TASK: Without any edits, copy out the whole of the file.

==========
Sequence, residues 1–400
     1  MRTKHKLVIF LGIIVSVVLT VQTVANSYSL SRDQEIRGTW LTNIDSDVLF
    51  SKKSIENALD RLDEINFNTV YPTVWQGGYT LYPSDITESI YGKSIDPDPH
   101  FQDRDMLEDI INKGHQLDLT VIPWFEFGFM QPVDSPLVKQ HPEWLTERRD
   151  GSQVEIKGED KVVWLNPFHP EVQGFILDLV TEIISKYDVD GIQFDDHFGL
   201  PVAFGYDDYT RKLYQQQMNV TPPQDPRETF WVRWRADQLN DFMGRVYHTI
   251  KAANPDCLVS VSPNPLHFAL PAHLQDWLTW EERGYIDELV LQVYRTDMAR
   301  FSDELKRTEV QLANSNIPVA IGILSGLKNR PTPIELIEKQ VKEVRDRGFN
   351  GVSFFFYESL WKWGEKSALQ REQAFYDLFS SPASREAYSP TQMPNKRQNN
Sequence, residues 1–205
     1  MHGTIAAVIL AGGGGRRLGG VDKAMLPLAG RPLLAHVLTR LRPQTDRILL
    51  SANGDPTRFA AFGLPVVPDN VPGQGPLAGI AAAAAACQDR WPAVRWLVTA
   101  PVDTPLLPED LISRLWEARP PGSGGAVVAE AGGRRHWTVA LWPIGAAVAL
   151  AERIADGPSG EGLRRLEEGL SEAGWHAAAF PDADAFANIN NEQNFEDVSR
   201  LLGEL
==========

Sequence, residues 1–400
     1  MRTKHKLVIF LGIIVSVVLT VQTVANSYSL SRDQEIRGTW LTNIDSDVLF
    51  SKKSIENALD RLDEINFNTV YPTVWQGGYT LYPSDITESI YGKSIDPDPH
   101  FQDRDMLEDI INKGHQLDLT VIPWFEFGFM QPVDSPLVKQ HPEWLTERRD
   151  GSQVEIKGED KVVWLNPFHP EVQGFILDLV TEIISKYDVD GIQFDDHFGL
   201  PVAFGYDDYT RKLYQQQMNV TPPQDPRETF WVRWRADQLN DFMGRVYHTI
   251  KAANPDCLVS VSPNPLHFAL PAHLQDWLTW EERGYIDELV LQVYRTDMAR
   301  FSDELKRTEV QLANSNIPVA IGILSGLKNR PTPIELIEKQ VKEVRDRGFN
   351  GVSFFFYESL WKWGEKSALQ REQAFYDLFS SPASREAYSP TQMPNKRQNN
Sequence, residues 1–205
     1  MHGTIAAVIL AGGGGRRLGG VDKAMLPLAG RPLLAHVLTR LRPQTDRILL
    51  SANGDPTRFA AFGLPVVPDN VPGQGPLAGI AAAAAACQDR WPAVRWLVTA
   101  PVDTPLLPED LISRLWEARP PGSGGAVVAE AGGRRHWTVA LWPIGAAVAL
   151  AERIADGPSG EGLRRLEEGL SEAGWHAAAF PDADAFANIN NEQNFEDVSR
   201  LLGEL